• At the end of the day, SFWA decided to expel the member referred to above.  Jemisin – the injured party in this case – responded to Beale’s expulsion, then offered a glimpse into her thought process had SFWA chosen not to do the right thing (thankfully, a counter-factual).  Meanwhile, writer SL Huang has a convenient timeline (with tons of links) of events in this latest dust-up, starting from the January 2013 SFWA Bulletin with the bikini chainmail cover and the initial, mildly offensive articles by Resnick and Malzberg, going through Resnick & Malzberg’s subsequent meltdowns, former SFWA president John Scalzi’s apologies, the unmasking of a serial sexual harasser from within the halls of Tor Books, the reactions of aforementioned hateful racist, homophobic, misogynistic turd, subsequent online discussion related to said turd’s misuse of SFWA communication channels, and finally the expulsion of said turd.  That’s a lot of controversial stuff, and I could link to all of it, but in the interest of time it seems more efficient to link you to someone who’s already aggregated a lot of those links…
  • It seems Amazon has decided to get into the Fanfic business… I haven’t much – or anything, really – to say on the subject.  I don’t write fanfiction or tie-in-fiction or anything of the like and neither do I have any desire to tread down that road, pesonally.  I  have way, way, way too much of my own stuff that I want to do to worry about adding to other peoples’ worlds.  But I’ll let some other, pro-authors opine: here’s John Scalzi, Jim Hines, and Tobias Buckell with some thoughts.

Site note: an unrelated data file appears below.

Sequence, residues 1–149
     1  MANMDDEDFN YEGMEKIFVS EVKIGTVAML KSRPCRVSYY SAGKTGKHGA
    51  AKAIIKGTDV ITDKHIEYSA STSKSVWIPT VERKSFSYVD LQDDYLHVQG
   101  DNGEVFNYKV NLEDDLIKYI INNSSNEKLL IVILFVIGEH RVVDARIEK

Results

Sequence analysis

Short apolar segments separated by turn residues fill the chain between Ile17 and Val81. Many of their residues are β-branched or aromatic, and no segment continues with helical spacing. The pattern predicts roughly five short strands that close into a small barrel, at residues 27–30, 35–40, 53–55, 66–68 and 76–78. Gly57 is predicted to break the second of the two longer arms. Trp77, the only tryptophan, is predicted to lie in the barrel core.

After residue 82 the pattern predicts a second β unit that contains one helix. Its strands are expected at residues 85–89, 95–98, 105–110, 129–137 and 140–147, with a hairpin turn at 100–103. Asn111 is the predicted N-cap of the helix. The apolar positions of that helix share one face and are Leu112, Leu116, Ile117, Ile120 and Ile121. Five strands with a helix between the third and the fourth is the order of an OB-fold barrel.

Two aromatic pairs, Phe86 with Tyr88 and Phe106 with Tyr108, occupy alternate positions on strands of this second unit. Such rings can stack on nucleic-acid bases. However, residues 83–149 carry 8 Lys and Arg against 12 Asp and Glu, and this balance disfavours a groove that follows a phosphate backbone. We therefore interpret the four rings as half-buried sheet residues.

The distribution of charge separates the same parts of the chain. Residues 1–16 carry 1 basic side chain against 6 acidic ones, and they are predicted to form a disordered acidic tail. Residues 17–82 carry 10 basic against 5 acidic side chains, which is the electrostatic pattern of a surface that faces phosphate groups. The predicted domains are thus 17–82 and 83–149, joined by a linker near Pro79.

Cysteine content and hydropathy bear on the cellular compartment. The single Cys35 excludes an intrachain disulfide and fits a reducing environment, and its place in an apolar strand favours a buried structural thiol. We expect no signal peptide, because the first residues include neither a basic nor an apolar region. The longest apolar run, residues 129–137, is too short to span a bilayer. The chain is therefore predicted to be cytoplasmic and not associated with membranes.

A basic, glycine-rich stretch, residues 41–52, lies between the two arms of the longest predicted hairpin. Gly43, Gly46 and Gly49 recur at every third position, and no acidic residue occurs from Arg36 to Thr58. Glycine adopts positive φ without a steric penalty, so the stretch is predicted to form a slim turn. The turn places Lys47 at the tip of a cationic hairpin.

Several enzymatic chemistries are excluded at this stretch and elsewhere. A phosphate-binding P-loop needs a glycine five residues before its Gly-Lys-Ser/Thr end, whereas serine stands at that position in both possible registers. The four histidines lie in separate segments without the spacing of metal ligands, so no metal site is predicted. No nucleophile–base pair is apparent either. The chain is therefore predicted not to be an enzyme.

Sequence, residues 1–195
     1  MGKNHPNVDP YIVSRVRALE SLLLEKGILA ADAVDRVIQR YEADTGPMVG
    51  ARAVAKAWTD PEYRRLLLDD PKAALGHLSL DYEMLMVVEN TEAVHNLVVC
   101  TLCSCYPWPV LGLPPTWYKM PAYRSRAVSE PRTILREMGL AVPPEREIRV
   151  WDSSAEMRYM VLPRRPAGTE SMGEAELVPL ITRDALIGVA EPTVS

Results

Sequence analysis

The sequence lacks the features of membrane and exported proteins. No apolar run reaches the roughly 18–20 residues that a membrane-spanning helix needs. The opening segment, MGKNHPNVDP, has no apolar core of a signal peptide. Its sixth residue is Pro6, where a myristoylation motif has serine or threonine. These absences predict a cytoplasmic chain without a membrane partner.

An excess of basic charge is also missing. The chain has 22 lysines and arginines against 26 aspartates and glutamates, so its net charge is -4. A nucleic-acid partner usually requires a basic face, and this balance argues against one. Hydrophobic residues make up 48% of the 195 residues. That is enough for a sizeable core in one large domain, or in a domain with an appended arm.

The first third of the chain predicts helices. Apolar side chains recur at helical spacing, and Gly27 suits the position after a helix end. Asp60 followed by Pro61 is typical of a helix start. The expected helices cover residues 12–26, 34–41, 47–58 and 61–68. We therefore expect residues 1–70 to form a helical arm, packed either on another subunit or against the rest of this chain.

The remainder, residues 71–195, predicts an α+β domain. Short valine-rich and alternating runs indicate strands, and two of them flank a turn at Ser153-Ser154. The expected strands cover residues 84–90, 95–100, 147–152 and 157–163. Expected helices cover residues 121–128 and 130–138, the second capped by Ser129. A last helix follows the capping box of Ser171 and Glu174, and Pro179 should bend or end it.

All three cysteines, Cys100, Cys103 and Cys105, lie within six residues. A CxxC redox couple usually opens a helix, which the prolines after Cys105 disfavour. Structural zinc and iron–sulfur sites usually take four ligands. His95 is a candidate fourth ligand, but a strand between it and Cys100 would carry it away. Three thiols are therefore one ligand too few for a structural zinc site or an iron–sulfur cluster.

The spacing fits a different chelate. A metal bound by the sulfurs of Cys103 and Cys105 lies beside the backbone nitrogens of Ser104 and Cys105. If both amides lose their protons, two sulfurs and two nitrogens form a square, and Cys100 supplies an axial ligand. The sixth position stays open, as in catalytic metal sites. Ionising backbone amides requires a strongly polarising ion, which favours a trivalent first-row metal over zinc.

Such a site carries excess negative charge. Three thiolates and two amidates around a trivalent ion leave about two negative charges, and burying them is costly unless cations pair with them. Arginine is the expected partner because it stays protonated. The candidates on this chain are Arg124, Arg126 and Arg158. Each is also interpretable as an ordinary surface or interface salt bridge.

• An infographic on the effects of writing on the brain http://www.bestinfographics.co/amazing-facts-about-writing-and-the-brain-infographic/
  • A modest bit of research on the classifications of Geeks and Nerds
  • Tobias Buckell has some interesting thoughts on the nature of “advice” from people who are doing well in publishing – whether via the new “self” model or the old “traditional” model: their advice is heavily skewed by their “Survivorship Bias“.  In other words: they think that because what they did worked for them, that there is some universal truth that can be taken from their experience and replicated perfectly.  What the Survivorship Bias ignores is the stories of the people who did the exact same thing as those who succeeded and yet… they failed.  Because they failed, we don’t hear their stories, so we assume the stories of the successful are accurate.  There’s a lot more than this on Buckell’s post, and you should check it out.